Categorical variables were expressed as numbers and percentages and compared using Pearson’s chi-squared test or Fisher’s exact test depending on whether the data met the criteria for a given test. Continuous variables were expressed as the mean and standard deviation if the data were normally distributed or the median and interquartile range if the data were not normally distributed. The data were then compared using Student’s t-test or the Mann-Whitney U test. The association between the baseline characteristics and the occurrence of clinical events was evaluated by univariate analysis. Variables with p values ≤0.20 in univariate analysis were then introduced in multivariate analysis using a binary logistic regression model with Wald’s step-by-step method. The survival time for the primary endpoint was defined as the number of days between implantation and the first event. The Kaplan-Meier method was used to construct survival curves, and the log-rank test used to conduct comparisons among groups. Statistical significance was set at a two-tailed probability level of < 0.05. All analyses were performed using IBM SPSS Statistics for Windows version 20.0 (IBM Corp. Released 2011. Armonk, NY: IBM Corp.).

Results

Baseline characteristics

Two hundred fifty patients underwent CRT implantation; among them, 7 were excluded because of missing follow-up data. Hence, our study population comprised the remaining 243 patients, of which 102 (42%) were ≥ 75 years old. The baseline characteristics according to the age groups are summarized in Table 1. The patients were predominantly male, but there were more females in the ≥75-year-old group (23%) than in the < 75-year-old group (13%) (p = 0.04). A larger proportion of the patients ≥75 years old compared with those ≥75 years old had severe symptoms according to the NYHA class, had chronic kidney disease (CKD, defined by estimated glomerular filtration < 60 ml/min/1.73 m2), and were receiving loop diuretics, but fewer patients in this group were receiving aldosterone antagonists. However, patients ≥75 years old were less likely to have defibrillator than those < 75 years old (52% versus 87%, respectively; p <  0.001). Both groups had a comparable level of LVEF impairment, with a median LVEF of 28% (23.5–30), and mostly a LBBB QRS morphology (79%). There was no difference regarding the proportion of upgraded devices, CRT for rescue therapy and time of the procedure.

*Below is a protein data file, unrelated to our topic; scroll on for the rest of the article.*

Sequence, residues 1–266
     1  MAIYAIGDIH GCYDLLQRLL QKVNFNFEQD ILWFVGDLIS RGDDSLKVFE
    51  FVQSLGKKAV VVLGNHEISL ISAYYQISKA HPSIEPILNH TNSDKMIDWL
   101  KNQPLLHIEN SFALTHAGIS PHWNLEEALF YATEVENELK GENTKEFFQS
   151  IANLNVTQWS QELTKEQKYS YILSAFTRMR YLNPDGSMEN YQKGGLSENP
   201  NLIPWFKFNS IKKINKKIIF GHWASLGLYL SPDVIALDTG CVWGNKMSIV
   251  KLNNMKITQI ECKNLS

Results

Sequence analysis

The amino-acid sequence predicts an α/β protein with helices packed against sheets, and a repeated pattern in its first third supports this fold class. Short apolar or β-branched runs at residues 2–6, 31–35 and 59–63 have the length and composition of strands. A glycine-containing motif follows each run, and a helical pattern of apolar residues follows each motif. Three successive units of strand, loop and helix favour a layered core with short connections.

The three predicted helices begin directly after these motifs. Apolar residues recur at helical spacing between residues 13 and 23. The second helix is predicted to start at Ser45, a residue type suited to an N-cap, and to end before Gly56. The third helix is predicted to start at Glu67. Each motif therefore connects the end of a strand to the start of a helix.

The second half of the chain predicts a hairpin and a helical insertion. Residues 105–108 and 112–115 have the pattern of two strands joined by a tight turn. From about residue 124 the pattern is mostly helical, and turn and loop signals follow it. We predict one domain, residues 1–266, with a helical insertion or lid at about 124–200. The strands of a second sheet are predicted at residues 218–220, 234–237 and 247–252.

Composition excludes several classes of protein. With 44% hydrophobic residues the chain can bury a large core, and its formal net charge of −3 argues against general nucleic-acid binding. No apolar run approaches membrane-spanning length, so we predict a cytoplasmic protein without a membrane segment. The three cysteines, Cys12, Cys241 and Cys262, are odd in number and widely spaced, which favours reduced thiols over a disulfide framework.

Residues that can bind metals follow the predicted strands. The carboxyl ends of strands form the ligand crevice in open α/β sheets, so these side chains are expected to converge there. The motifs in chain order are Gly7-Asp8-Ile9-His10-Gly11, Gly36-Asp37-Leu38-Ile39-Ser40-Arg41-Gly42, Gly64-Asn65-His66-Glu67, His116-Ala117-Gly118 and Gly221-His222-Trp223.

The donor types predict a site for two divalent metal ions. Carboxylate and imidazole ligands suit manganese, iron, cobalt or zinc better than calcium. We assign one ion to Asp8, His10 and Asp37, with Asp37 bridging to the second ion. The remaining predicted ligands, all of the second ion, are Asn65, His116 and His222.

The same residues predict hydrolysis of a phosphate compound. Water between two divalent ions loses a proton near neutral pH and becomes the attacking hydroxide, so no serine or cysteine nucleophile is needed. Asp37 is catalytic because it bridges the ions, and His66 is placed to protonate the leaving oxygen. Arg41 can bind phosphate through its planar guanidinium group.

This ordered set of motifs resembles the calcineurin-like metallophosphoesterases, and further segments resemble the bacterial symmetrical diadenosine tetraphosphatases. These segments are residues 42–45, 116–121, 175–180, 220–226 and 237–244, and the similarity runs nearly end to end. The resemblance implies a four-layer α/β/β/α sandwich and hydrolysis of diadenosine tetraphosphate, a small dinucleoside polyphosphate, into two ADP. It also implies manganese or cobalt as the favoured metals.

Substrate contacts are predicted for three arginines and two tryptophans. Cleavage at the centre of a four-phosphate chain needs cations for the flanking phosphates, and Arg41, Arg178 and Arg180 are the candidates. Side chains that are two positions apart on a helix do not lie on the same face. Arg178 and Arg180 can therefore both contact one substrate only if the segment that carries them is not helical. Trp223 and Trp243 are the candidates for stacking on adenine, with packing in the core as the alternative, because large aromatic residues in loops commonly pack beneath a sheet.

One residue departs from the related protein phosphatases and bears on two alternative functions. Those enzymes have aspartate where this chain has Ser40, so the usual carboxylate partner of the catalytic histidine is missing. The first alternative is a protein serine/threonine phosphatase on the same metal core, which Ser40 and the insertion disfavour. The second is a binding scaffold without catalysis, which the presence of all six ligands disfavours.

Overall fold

Table 1

Baseline characteristics and outcomes

 

< 75 years old (n = 141)

≥75 years old (n = 102)

p value

Age (years)

64 (10)

79 (7)

< 0.001

Male sex, n (%)

122 (87)

78 (77)

0.04

Ischemic cardiomyopathy, n (%)

71 (50)

63 (62)

0.08

Atrial fibrillation, n (%)

66 (47)

56 (57)

0.14

Diabetes mellitus, n (%)

44 (31)

29 (29)

0.71

CKD, n (%)

62 (49)

68 (72)

0.001

NYHA functional class, n (%)

 I

3 (2)

1 (1)

0.01

 II

57 (40)

22 (21)

 III

52 (37)

62 (61)

 IV ambulatory

7 (5)

7 (7)

 IV in hospital

22 (16)

10 (10)

Rescue CRT, n (%)

14 (10)

8 (8)

0.58

Beta blocker, n (%)

119 (85)

78 (79)

0.21

ACEI or ARB, n (%)

112 (80)

71 (72)

0.14

Aldosterone antagonist, n (%)

71 (51)

36 (36)

0.03

Loop diuretic, n (%)

105 (75)

85 (86)

0.04

Ivabradine, n (%)

21 (15)

11 (11)

0.38

Anticoagulation therapy, n (%)

73 (52)

59 (58)

0.33

Anti-platelet agent, n (%)

73 (52)

55 (54)

0.60

QRS morphology, n (%)

 LBBB

110 (78)

82 (80)

0.50

 RBBB

10 (7)

6 (6)

 NIVCD

3 (2)

0

 Paced QRS

18 (13)

14 (14)

LVEF (%)

28 (6)

28 (7)

0.47

CRT-D, n (%)

122 (87)

53 (52)

< 0,001

Upgrade, n (%)

41 (29)

25 (25)

0.43

Effectiveness, n (%)

70 (50)

48 (47)

0.69

One-year survival

124 (88)

85 (83)

0.31

NYHA improvement

86 (61)

67 (66)

0.72

No admission for HF

107 (76)

71 (70)

0.33

Complications, n in n patients (%)

55 in 30 (21)

27 in 15 (15)

0.19

Reintervention, n (% of complications)

24 (44)

9 (33)

0.07